While you’re at it, check your powers of attorney, too. Make sure the person you’ve named to take care of your affairs (your “attorney in fact”) is still willing and able to do so. If not, you need to make a new power of attorney.

Don’t have a will or any other estate planning tools? Get them. You can find everything you need at Lawyers.com. Whether you’re married or single, a good place to start is a planning worksheet. If you have questions or concerns, talk to an attorney.

And don’t forget about your digital assets, like online bank accounts and passwords to social media and other websites. Make a list of them and keep them in a safe or safety deposit box with your other important papers.

2. Insurance

There are all kinds of insurance matters to take care of:

  • Homeowner’s and Renter’s insurance: Did you make any improvements to your home, like remodel a kitchen or finish your basement? Did you buy a new TV? Check to make sure that your homeowner’s or renter’s insurance covers them.
  • Car insurance: In most states, it’s illegal to drive without auto insurance. You don’t want to be overinsured, though. You can save a few dollars over the year by reducing your coverage on an older car or one that’s been paid off. You can also save some money by increasing the amount of your deductible – the amount you have to pay when you make a claim against your policy.
  • Life and health insurance. Do you have enough life insurance to take care of your family in case something happens to you? Talk to your insurance agent about your new baby or a change in your marital status. The same thing goes for health insurance. Talk to your human resources professional at work or your agent about changing your coverage.

3. Start Getting Ready for the IRS

It’s never too early to start gathering receipts and other documents for next year’s taxes. Most employers send out W-2’s or “earnings statements” before Jan. 31, so if you’re ready before then, you can file fast and get your refund early.

Preparation is crucial especially if you itemize deductions, such as out-of-pocket medical expenses, mortgage interest and expenses related to your child’s college education. You’ll want to gather your paid medical bills, billing statements from schools, prescription receipts and receipts for cash donations you made to your church or favorite charities.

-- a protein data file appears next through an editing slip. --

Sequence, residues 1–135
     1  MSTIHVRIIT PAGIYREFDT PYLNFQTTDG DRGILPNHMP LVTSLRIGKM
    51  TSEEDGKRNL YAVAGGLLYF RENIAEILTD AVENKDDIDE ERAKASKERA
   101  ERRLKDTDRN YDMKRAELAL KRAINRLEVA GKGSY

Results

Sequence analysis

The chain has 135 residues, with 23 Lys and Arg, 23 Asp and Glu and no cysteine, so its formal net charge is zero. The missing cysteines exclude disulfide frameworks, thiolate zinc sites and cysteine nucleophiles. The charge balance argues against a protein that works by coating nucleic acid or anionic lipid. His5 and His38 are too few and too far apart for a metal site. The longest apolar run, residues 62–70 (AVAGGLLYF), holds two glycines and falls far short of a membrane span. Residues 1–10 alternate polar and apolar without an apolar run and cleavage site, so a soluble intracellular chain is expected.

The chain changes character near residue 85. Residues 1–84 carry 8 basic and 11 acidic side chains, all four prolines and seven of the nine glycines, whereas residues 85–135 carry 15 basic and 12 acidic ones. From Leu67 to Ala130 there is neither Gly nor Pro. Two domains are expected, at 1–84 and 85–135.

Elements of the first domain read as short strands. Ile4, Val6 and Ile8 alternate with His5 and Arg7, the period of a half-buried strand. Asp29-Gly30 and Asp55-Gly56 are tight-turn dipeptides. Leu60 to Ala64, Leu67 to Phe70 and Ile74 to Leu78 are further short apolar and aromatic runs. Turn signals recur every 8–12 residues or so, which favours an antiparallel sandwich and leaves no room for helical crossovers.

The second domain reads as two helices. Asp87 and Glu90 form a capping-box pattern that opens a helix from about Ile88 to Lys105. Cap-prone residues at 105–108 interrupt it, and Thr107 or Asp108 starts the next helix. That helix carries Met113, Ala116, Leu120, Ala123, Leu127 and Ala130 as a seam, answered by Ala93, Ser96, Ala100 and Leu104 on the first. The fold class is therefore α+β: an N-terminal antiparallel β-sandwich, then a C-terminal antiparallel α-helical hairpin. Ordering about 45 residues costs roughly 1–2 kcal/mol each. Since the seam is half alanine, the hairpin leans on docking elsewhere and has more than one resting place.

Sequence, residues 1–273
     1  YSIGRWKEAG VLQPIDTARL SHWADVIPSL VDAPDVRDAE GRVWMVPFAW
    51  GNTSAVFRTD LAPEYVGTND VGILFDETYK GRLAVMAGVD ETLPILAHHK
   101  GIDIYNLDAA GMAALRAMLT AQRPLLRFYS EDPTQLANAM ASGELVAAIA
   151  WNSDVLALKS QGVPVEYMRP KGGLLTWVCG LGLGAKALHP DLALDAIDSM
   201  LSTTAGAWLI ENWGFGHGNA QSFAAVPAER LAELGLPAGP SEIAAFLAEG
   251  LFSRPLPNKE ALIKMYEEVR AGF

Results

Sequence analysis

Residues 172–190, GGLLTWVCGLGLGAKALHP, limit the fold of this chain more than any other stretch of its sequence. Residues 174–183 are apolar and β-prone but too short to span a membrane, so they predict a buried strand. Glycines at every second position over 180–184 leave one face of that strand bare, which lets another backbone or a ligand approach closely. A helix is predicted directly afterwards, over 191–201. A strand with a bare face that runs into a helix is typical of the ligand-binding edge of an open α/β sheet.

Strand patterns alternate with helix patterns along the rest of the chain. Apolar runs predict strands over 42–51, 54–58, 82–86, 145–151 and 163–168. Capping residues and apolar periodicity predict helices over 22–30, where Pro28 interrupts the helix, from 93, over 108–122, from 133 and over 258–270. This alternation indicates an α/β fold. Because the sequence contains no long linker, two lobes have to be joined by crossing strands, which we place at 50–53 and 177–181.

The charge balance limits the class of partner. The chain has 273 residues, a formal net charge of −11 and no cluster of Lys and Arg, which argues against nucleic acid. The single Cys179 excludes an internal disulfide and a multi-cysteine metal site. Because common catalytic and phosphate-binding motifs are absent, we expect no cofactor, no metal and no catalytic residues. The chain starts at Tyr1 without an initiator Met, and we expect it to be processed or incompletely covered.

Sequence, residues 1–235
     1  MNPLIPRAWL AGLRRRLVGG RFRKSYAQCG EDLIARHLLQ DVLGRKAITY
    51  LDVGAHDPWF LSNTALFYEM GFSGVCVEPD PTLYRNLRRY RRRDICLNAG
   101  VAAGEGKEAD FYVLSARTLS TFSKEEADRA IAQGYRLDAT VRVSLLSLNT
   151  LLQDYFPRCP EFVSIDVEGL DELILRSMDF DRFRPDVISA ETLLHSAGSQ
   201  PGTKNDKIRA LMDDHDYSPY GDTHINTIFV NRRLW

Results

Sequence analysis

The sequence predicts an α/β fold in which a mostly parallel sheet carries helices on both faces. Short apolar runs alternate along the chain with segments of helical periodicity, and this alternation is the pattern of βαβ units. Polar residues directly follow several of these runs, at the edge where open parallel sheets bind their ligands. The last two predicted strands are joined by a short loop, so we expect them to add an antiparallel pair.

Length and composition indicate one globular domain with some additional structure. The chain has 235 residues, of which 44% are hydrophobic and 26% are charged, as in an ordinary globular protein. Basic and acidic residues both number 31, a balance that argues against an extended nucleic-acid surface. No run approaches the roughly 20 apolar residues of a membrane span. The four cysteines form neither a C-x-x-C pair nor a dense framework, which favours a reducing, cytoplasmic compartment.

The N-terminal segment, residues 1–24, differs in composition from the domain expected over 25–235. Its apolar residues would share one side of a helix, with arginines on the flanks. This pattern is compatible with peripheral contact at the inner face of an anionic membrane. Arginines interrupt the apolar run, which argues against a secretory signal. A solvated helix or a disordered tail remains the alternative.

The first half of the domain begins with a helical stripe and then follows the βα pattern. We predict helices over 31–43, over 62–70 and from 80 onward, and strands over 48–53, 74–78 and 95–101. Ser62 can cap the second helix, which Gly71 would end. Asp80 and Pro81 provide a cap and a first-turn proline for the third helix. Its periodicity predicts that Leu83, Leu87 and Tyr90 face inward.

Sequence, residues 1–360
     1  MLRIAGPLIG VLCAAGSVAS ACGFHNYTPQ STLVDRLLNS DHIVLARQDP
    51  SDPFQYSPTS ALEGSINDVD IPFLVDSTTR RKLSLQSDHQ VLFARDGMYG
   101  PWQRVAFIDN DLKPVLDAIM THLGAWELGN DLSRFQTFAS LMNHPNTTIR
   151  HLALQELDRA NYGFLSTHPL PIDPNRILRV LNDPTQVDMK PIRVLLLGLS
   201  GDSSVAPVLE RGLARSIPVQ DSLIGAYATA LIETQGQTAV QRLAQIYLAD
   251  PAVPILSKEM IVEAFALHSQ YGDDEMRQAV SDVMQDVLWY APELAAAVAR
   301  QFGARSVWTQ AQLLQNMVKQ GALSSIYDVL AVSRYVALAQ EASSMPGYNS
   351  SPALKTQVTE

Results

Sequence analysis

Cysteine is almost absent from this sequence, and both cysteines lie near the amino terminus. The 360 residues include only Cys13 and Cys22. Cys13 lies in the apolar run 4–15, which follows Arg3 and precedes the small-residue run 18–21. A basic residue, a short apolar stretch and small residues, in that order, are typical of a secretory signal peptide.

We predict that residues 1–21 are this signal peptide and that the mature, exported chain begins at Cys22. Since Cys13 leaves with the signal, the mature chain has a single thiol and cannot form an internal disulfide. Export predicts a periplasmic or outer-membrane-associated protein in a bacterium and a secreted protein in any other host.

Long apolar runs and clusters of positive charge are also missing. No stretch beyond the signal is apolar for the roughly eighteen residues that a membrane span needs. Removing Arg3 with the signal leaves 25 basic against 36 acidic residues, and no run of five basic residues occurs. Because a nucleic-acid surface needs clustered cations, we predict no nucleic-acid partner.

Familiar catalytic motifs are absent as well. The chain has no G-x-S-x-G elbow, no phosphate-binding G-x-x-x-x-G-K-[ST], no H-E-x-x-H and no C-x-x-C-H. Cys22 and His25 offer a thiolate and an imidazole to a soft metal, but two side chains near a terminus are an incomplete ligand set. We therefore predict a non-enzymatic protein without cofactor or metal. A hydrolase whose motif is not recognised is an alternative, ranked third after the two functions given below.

4. Credit Reports

Each year you’re entitled to one free report from each of the major reporting companies (Experian, Equifax and TransUnion). Get and read them carefully. Any errors, like credit accounts that you didn’t open, should be reported to the agency in writing. The agency will investigate the matter, usually within 30 days, and will let you know how the matter was resolved.

With identity theft so common today, it’s a good idea to take advantage of the free credit reports each and every year.

5. Credit Cards

Check the terms of your credit cards. Rearrange your budget and try to pay off your cards in full. At the very least, shop around for a credit card with a lower rate and see if you can transfer the balance to the new card. This could save you thousands of dollars in interest.

6. Licenses, Permits and Leases

Practically all of these important documents have expiration dates. Here are few to keep in mind:

  • Driver’s license. These usually expire every few years on your birthday, so check the date on yours. Driving with an expired license may lead to points against your license and higher insurance rates
    Business license and permits. Many professions and trades require you to have a license. Attorneys, electricians and plumbers usually need one. Bars and restaurants typically need a permit to sell liquor or sell food. Check the expiration date. Don’t practice your trade or profession on an expired license. You may have to pay fine, and you may even be barred from practicing for a period of time